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The Role of Shadow Banking in the Business Cycle

1The process of lending and the uninterrupted flow of credit to the real economy no longer rely only on banks, but on a process that spans a network of banks, broker-dealers, asset managers, and shadow banks funded through wholesale funding and capital markets globally. – Pozsaret et al., 2013, p. 10

I. Introduction

According to the standard version of the Austrian business cycle theory (e.g., Mises, 1949), the business cycle is caused by credit expansion conducted by commercial banks operating on the basis of fractional reserve.2Although true, this view may be too narrow or outdated, because other financial institutions can also expand credit.3

First, commercial banks are not the only type of depository institutions. This category includes, in the United States, savings banks, thrift institutions, and credit unions, which also keep fractional reserves and conduct credit expansion (Feinman, 1993, p. 570).4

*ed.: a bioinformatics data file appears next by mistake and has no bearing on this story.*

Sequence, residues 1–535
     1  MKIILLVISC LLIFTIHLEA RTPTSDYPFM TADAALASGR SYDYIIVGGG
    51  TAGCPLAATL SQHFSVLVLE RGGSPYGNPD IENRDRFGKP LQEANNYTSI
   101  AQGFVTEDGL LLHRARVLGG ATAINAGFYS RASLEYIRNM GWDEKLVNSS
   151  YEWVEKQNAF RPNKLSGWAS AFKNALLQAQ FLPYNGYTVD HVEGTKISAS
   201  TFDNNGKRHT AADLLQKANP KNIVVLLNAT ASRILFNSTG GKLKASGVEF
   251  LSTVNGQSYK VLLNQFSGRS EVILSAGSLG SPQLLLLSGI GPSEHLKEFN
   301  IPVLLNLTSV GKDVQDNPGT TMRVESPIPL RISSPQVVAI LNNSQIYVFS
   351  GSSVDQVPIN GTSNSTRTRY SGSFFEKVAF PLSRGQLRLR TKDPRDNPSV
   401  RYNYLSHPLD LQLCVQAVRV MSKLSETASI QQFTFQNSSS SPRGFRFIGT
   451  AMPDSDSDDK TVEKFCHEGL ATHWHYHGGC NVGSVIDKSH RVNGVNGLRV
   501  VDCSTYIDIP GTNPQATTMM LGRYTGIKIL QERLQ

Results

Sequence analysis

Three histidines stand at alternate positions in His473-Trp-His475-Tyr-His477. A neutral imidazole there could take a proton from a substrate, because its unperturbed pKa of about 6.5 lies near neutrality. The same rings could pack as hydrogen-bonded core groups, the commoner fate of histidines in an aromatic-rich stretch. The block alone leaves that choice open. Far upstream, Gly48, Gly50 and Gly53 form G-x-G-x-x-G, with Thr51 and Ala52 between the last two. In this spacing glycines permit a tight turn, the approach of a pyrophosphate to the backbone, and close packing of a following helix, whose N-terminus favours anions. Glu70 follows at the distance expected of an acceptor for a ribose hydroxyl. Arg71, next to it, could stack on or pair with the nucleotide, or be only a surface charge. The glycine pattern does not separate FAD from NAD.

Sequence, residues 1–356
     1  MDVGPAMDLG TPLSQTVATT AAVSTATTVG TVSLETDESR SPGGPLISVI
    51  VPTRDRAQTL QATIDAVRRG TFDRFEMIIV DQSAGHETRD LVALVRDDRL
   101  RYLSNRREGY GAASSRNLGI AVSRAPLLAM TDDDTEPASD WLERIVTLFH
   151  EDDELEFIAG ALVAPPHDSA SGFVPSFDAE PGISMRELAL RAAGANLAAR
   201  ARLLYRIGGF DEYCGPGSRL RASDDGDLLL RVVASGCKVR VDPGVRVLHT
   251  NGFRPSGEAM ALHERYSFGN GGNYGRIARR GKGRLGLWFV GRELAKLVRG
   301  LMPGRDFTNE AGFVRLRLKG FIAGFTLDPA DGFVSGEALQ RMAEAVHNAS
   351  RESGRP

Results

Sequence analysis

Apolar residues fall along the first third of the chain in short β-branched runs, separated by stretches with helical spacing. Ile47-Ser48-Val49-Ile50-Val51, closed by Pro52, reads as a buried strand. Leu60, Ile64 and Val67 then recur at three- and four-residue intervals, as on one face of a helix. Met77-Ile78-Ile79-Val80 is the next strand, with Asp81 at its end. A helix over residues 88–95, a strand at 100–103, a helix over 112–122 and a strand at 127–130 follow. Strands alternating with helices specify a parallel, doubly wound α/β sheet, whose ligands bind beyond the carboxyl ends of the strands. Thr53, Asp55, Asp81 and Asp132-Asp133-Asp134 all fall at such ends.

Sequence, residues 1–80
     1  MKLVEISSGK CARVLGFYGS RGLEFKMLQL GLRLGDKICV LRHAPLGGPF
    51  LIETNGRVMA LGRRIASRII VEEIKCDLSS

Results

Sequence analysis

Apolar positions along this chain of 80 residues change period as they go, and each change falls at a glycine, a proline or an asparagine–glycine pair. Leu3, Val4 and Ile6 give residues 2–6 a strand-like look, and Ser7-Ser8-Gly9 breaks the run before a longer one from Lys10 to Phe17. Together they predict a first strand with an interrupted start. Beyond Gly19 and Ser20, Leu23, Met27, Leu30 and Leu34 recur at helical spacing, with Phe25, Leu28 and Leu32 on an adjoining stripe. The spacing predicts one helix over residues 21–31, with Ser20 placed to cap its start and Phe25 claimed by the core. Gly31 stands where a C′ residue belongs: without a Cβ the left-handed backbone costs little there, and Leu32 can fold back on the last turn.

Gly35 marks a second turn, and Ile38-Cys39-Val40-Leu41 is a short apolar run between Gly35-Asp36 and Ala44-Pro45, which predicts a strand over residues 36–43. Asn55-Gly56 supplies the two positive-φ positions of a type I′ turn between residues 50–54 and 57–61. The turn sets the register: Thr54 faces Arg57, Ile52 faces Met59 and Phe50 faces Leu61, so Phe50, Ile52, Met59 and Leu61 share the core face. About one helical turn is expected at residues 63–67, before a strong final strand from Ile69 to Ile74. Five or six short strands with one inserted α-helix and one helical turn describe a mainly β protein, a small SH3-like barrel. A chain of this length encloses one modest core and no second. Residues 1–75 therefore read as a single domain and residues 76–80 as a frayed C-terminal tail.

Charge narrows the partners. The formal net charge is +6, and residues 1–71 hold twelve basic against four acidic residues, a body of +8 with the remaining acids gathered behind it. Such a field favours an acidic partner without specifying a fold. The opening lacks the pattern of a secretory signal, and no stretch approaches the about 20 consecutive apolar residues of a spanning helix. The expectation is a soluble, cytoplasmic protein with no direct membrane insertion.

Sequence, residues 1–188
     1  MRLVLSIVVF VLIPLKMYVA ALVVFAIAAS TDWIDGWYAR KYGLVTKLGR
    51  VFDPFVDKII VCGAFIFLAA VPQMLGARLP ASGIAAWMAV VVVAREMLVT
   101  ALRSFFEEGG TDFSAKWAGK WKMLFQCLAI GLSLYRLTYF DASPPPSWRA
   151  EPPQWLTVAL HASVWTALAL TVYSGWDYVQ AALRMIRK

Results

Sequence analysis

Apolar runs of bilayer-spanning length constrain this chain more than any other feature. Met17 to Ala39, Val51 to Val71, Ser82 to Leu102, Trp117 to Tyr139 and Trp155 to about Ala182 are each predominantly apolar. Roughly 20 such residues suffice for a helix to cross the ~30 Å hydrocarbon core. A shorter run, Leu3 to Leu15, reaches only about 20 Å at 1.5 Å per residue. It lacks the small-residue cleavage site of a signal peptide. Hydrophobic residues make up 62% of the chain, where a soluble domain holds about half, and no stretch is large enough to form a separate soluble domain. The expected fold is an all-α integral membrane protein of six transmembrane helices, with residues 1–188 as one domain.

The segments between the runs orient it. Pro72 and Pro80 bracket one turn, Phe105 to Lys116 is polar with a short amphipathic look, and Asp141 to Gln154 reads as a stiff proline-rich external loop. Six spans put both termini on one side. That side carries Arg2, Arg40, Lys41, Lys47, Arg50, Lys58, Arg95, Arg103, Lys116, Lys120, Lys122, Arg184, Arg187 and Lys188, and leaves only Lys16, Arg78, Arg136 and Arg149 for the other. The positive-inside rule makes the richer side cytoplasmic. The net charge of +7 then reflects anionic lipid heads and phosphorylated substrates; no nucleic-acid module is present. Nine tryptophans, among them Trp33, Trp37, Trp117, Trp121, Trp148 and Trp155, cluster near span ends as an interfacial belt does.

Second, some financial institutions offer instruments that mask their nature as demand deposits (Huerta de Soto, 2006, pp. 155–165 and 584–600). The best example may be money market funds.5 These were created as a substitute for bank accounts, because Regulation Q prohibited banks from paying interest on demand deposits (Pozsar, 2011, p. 18 n22). Importantly, money market funds commit to maintaining a stable net asset value of their shares that are redeemable at will. This is why money market funds resemble banks in mutual-fund clothing (Tucker, 2012, p. 4), and, in consequence, they face the same maturity mismatching as do banks, which can also entail runs.6

Many economists point out that repurchase agreements (repos) also resemble demand deposits. They are short term and can be withdrawn at any time, like demand deposits. According to Gorton and Metrick (2009), the financial crisis of 2007–2008 was in essence a banking panic in the repo market (‘run on repo’).

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